Stop scaring users with your bad KYC flows

Taiwan has taken a significant step towards regulating its flourishing virtual asset market by introducing a new bill called the “Virtual Asset Management Regulations Draft,” which aims to create a comprehensive regulatory framework for the crypto industry.

The move comes as Taiwan grapples with the exponential growth of virtual assets in the country.

The bill’s primary goal is to establish rules for virtual asset service providers that ensure investors are protected, and any risks to financial stability are quickly identified and dealt with.

Current regime

Taiwan currently only requires virtual asset service providers to adhere to anti-money laundering regulations, a directive introduced by the Financial Supervisory Commission (FSC) in July 2021.

Critics argue that the FSC’s regulatory measures have lagged behind the industry’s growth and need to be updated.  Virtual asset operators have continued to multiply, and their offerings have become more diversified, but the FSC primarily only focuses on anti-money laundering compliance.

The overall cryptocurrency sector remains largely unregulated, and lawmakers believe the country needs a comprehensive regulatory framework for the burgeoning crypto industry.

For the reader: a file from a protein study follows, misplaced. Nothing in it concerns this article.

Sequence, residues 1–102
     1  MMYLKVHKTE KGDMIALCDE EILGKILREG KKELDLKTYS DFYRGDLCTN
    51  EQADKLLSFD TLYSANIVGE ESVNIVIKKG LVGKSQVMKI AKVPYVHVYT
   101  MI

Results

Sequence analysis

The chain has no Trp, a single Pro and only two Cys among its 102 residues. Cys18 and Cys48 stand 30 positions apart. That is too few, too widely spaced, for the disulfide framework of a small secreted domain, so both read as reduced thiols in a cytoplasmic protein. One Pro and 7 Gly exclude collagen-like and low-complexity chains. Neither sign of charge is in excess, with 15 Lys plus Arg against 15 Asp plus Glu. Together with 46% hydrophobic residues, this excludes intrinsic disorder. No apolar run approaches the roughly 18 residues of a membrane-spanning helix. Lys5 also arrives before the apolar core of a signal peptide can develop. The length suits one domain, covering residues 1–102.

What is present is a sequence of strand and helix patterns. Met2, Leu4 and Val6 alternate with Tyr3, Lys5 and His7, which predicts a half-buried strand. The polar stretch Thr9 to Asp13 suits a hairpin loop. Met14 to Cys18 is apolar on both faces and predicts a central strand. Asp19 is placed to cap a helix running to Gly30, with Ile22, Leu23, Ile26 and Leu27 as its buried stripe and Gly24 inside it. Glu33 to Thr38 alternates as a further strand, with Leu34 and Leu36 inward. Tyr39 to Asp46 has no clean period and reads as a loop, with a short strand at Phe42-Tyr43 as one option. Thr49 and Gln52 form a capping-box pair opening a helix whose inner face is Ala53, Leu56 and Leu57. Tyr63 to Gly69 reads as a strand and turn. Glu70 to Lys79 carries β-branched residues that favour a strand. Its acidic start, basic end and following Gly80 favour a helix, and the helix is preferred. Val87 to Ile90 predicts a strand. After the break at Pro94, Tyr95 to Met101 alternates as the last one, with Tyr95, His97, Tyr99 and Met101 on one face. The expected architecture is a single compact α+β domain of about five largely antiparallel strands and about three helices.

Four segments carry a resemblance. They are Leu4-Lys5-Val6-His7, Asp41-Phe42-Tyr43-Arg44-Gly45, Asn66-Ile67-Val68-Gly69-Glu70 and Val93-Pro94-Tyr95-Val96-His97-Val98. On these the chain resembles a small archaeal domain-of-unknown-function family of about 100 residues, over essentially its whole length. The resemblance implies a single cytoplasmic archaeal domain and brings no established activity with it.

As of August, the country was home to 200 domestic blockchain firms, according to the “Taiwan Blockchain Industry Map/Key Report.”

The bill

The proposed legislation will mandate cryptocurrency platforms in Taiwan to secure a permit to continue operating in the country, and non-compliance could result in regulatory intervention, including a potential suspension of operations.

Although the timeline for the bill’s second reading remains uncertain, experts suggest that it may extend beyond January 2024, coinciding with the conclusion of the present legislators’ tenure in Taiwan.

To establish market order, enhance regulation, and safeguard investor rights, Taiwan’s “Virtual Asset Management Regulations Draft” introduces provisions including:

  • Defining virtual asset scope and classifying operators.
  • Qualifications for leadership roles, permission procedures, and industry association requirements.
  • Mandating participation in designated industry associations.
  • Issuance rules for virtual assets and derivatives.
  • Customer asset separation and retention records.
  • Customer data protection and custody policy disclosures.
  • Public virtual asset trading rules and customer protection measures.
  • Transparent advertising and marketing practices.
  • Information security standards and incident reporting.
  • Internal controls, audit, compliance, and risk management requirements.
  • Financial reporting standards and capital enforcement.
  • Regulatory penalties for non-compliance.
  • Customer dispute resolution mechanisms and compensation.
  • Standardized information system maintenance.

This landmark legislation aims to stabilize Taiwan’s virtual asset market, boost investor confidence, and encourage responsible industry growth.

While challenges loom in implementation, the government’s proactive stance underscores its commitment to fostering a well-regulated virtual asset ecosystem.

Posted In: , Regulation

Leave a Reply

Your email address will not be published. Required fields are marked *